One of the most damaging impressions Canadians formed of Stephen Harper came back in 2006, when he awkwardly shook his son Ben’s hand as he saw him off to school.
Now we’re watching a very different dynamic between father and son, courtesy of a video that surfaced of Mr. Harper doing an ad-hoc stand-up routine, imitating former prime ministers Joe Clark and Brian Mulroney and former Reform Leader Preston Manning.
(The stand-up was recorded on May 2, 2011, when Mr. Harper, clearly anticipating victory, rehearsed for the evening celebration. The text he was using came from an earlier event featuring former MP Chuck Strahl.)
Aides have always chafed at the handshake-with-his-son episode. Mr. Harper, they said, made the impulsive gesture because he couldn’t think of what to do, with cameras and reporters watching the scene.
But as anyone who knows Mr. Harper can attest, he’s actually a pretty funny guy, and pretty good with imitations. In a rare appearance at the Parliamentary Press Gallery dinner, some years back, his send-up of then-Liberal cabinet minister John McCallum had us rolling in the aisles.
The more interesting aspect of the video, however, may be the dynamic between Mr. Harper and his now-teenaged son. Every father, and every son, knows that dynamic: the horsing around, the youthful exasperation at a dim-witted parent. It’s all so familiar.
Labour Minister Lisa Raitt made that point Wednesday when asked about the video by reporters.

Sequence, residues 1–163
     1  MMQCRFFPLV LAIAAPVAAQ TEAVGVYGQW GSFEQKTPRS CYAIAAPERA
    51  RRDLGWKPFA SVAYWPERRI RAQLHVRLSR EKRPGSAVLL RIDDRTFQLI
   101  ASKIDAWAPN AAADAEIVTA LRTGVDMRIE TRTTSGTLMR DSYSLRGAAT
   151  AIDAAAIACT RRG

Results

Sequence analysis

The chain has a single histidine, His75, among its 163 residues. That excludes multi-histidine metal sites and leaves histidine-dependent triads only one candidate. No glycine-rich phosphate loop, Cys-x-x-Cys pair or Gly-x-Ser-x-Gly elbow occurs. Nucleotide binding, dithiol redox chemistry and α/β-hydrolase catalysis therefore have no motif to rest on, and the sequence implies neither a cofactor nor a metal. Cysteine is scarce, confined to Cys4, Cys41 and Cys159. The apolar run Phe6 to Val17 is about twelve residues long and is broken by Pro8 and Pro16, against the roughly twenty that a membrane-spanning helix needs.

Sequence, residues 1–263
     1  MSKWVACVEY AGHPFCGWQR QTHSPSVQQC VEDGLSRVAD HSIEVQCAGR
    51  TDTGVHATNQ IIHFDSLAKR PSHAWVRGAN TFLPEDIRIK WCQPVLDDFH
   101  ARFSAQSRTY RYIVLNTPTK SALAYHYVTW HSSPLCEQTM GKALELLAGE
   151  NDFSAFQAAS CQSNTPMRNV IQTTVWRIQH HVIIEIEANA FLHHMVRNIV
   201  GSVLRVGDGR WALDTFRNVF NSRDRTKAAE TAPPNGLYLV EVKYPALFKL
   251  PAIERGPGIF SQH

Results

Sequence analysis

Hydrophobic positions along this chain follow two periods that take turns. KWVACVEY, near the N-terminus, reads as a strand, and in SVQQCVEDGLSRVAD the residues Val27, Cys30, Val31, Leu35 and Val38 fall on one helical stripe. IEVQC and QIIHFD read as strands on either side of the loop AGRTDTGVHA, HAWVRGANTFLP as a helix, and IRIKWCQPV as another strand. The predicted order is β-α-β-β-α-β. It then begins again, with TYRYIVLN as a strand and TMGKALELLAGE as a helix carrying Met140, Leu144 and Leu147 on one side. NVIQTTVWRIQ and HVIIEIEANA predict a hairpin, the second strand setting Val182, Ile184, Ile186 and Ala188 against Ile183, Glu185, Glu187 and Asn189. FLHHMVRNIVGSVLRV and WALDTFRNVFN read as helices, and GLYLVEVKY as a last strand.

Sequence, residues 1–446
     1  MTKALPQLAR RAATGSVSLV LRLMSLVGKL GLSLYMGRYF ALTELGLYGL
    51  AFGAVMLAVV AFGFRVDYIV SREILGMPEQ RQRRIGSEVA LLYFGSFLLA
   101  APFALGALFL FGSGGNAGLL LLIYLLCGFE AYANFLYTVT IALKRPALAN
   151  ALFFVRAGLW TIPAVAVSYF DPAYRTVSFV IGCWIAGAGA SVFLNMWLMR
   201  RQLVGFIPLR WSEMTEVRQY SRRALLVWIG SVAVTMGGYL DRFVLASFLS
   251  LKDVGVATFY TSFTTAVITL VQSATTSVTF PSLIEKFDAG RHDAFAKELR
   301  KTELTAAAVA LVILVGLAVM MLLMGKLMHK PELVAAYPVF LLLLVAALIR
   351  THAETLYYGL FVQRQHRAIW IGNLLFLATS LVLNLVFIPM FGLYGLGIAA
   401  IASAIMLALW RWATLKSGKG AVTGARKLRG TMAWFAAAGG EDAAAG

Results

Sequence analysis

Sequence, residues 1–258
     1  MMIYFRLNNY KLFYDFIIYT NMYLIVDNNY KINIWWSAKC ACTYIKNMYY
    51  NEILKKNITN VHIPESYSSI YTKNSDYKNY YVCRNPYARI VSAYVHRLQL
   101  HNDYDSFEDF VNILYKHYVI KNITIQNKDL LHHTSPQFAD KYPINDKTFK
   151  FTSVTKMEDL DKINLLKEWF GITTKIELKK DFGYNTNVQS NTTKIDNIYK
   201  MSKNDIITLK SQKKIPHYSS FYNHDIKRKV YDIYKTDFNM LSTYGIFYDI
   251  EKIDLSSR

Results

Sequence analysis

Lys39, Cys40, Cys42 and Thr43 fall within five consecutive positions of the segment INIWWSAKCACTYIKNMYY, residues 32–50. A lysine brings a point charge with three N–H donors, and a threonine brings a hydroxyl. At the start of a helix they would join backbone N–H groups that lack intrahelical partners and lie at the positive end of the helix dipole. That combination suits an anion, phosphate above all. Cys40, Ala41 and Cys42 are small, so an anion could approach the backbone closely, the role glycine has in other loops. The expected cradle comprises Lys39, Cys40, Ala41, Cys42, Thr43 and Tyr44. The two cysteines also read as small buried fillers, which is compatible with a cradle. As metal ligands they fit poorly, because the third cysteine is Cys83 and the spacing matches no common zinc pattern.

“You know what my mom said about it from Cape Breton? The part that she liked wasn’t about the impressions, it was Ben, talking to him. She thought it was nice to see the family aspect.”
Though the best line of all came from Treasury Board President Tony Clement, when he was asked whether voters may have a different impression of the Prime Minister than the one conveyed in the video. “Discretion is the better part of valour, especially before a cabinet shuffle,” he replied.
It’s unclear how the video got leaked, and it wouldn’t surprise anyone if Mr. Harper’s office had something to do with it – a small effort to humanize a politician who is often demonized, an attempt to deflect attention from the controversies roiling Ottawa.
Stephen Harper love kittens! He plays the piano! He’s a hockey nut! He does impersonations! What Senate scandal?
None of this will change how people feel about Nigel Wright’s $90,000 cheque to Mike Duffy.
But for those who are curious, the video at least suggests that father and son are getting along fine, handshakes notwithstanding.